Robert Haslan was born in New York City on May 25, 1915. He had a relatively small family and grew up in an apartment in Upper Manhattan at 25 Fort Washington Avenue with his father, Paul Haslan, brother, William Haslan, and mother (name unknown). Prior to deciding to volunteer for the war, Haslan had recently finished high school and was beginning to study art at a night school that was offering lessons in a nearby neighborhood. For income, he had been working on-and-off since he was 14—mostly odd jobs like clerical work and serving at cafes—and had also pursued a side career as an artist. Additionally, Haslan spent a year and a half with the Works Progress Administration (WPA). The WPA was one of the New Deal agencies created during the Second New Deal that provided paid jobs in sectors like infrastructure to the unemployed during the Great Depression. Through the WPA, Haslan became a part of the City Projects Council and had also joined the Workers Alliance of America (WAA).
The WAA had opened Haslan up to a lot more Communist ideas as he felt himself sympathizing with fellow members and frequently participating in the labor movement that was going on at the time in New York City. He then joined the Communist party in November of 1936—a decision which likely influenced his perspective towards the political atmosphere overseas and spurred him to volunteer for the war when time came.
He received his passport on June 29, 1937, and shortly left for Spain aboard the President Roosevelt ship on July 7, 1937. However, partially because of the U.S. government’s adamant neutrality regarding the war, the President Roosevelt couldn’t take the volunteers straight to Spain. After an 8 day journey across the Atlantic, Haslan arrived in Havre, France on July 15th, where he then boarded the Espolla—the ship that would bring him and 50 other men across the border—and arrived in Spain on July 24th. During this time, he often assumed the alias’ “Bob Haslan” and “Robert Haslam” in records like lists and letters for confidentiality purposes.
Once he got situated, Haslan spent about six weeks training with a very diverse unit in the Mackenzie-Papineau Battalion alongside international volunteers from countries like Belgium, Canada, France, Poland, Italy, Hungary, and Czechoslovakia. He was then transferred out from the training base in Tarazona to the Abraham Lincoln Brigade in November 1937 before being put into action on the Aragon and Tereul fronts with the Lincoln-Washington Battalion.
Whilst fighting at the Teruel front, Haslan had bruised his knee and—he claimed this was mainly due to the dampness of the environment—it had become swollen and inflamed. Too painful to continue, he was sent to the hospital to have it cut open. Haslan was quick to mention in a letter written on March 2, 1938 from Albacete to a friend back home that it had healed relatively quickly and he was hoping “to be rejoining the battalion soon.”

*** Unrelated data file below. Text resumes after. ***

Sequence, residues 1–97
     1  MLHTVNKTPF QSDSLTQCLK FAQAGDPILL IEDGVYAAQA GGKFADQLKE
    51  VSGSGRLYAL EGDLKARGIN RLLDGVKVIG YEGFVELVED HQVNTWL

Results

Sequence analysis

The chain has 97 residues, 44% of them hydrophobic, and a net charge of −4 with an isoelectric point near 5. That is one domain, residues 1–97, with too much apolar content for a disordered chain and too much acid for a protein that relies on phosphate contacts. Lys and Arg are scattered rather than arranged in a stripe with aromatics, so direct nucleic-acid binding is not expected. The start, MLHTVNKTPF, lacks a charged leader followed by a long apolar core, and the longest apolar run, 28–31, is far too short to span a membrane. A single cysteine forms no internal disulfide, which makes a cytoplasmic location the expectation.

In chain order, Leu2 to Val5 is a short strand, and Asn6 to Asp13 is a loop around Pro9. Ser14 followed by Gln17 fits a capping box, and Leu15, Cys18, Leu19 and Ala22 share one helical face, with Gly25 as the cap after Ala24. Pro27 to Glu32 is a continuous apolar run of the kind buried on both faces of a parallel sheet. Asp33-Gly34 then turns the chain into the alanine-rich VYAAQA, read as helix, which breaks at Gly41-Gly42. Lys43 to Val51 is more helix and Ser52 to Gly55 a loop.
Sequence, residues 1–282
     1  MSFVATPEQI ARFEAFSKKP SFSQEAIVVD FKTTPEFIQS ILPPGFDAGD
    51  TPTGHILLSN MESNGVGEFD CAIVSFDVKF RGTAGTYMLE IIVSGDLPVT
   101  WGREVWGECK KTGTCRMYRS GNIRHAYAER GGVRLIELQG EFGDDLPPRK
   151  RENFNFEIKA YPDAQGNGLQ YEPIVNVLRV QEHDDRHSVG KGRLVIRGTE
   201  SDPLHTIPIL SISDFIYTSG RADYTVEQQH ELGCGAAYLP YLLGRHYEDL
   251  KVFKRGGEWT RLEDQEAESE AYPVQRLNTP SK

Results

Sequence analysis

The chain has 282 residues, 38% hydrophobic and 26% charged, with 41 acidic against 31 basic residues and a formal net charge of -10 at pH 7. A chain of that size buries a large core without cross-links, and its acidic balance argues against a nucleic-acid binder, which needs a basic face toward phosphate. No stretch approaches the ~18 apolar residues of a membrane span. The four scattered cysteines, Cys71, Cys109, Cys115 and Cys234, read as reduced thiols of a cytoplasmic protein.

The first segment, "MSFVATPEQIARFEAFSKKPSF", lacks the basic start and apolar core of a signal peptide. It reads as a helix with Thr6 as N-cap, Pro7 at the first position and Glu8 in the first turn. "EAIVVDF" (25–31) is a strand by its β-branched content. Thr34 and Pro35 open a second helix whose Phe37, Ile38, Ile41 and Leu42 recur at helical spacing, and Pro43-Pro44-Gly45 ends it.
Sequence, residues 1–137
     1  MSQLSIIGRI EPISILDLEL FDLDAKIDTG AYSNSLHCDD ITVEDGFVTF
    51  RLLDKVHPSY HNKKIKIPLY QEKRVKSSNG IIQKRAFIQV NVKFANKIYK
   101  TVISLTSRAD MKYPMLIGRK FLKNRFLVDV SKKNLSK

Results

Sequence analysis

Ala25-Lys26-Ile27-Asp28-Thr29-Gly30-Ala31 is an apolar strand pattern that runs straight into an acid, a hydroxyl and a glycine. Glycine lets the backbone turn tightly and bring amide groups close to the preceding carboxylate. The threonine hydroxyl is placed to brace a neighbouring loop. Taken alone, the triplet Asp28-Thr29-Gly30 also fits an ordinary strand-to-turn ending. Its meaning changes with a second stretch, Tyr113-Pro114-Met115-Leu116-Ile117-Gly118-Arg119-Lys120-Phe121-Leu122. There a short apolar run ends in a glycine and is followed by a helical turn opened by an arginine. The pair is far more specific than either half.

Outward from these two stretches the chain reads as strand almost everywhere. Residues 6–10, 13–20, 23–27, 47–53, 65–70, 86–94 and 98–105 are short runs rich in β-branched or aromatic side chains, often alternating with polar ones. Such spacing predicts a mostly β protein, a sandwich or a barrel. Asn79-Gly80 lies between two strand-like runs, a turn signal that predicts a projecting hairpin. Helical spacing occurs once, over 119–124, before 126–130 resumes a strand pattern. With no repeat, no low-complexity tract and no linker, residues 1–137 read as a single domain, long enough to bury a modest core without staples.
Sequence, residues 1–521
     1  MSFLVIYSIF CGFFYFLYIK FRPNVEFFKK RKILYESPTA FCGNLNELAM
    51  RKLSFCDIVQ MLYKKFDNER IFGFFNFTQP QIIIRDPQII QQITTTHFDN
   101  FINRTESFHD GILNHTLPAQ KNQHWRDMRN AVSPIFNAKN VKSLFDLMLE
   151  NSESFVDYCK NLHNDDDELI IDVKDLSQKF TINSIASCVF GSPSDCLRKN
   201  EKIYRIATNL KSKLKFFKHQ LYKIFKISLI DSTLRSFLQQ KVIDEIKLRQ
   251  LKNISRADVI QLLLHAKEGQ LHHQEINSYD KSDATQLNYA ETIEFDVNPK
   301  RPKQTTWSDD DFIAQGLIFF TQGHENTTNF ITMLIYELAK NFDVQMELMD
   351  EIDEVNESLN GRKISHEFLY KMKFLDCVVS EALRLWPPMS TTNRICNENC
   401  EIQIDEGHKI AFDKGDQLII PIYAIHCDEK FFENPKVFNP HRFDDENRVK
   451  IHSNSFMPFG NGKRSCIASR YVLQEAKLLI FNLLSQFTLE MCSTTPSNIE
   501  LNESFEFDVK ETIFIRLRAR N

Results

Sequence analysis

For better or worse, Haslan soon got what he hoped for as he was put back on the frontlines during the Aragon Offensive—a military campaign focused on defeating the Republican troops in that area (which were weakened from the Battle of Teruel). Nationalists who advanced from the north with the Army of Africa, flanked by the Condor Legion as well 47 artillery batteries, easily held the upper hand against the already-depleted Republican troops. The battalion was then forced to abandon their positions during what is known as the Retreats, where Haslan unfortunately, was killed in action on April 4, 1938.
Even though he died early in the war, there is no doubt that Haslan deeply valued his time in Spain, writing in a letter that he went “through good experiences here, experiences which are difficult to relate or describe, but they do take their place in the development of one's character and understanding.” When asked in a questionnaire what the most outstanding thing he had experienced since leaving the U.S. was, Haslan marvelled at the experience of “being able to take part in the high political awareness of the people of Spain,” because “ they unite for progress and against racism and fascism. “
Through what little he left behind, Haslan has made his values evident. He held an “undying hatred for fascism” and had gone to Spain as a Communist willing to lay his life down to stop its spread. Perhaps more unexpectedly, Haslan had also developed an affinity for the country and the camaraderie it united in the process. Had he survived, Haslan intended to remain in Spain indefinitely and continue his art studies.
“Haslan, Robert.” The Abraham Lincoln Brigade Archives, August 5, 2020. https://alba-valb.org/volunteers/robert-haslan/.
"Historical Commission of the International Brigades - Mackenzie-Papineau Battalion August 1937 Questionnaires." Web. <http://sovdoc.rusarchives.ru/sections/organizations//cards/212099/images>.
"RGASPI Fond 545, Opis 6, Delo 851, Ll. 7 - MIA." Web. <http://sovdoc.rusarchives.ru/sections/organizations//cards/212099/images>.
"Guide to the Veterans of the Abraham Lincoln Brigade Records ALBA.019." Guide to the Veterans of the Abraham Lincoln Brigade Records ALBA.019. Web. 30 Apr. 2021. PDF file.
History.com Editors. “Works Progress Administration (WPA).” History.com, A&E Television Networks, 13 July 2017, www.history.com/topics/great-depression/works-progress-administration.
“Into Aragon.” Into Aragon | International Brigade Memorial Trust, www.international-brigades.org.uk/content/aragon.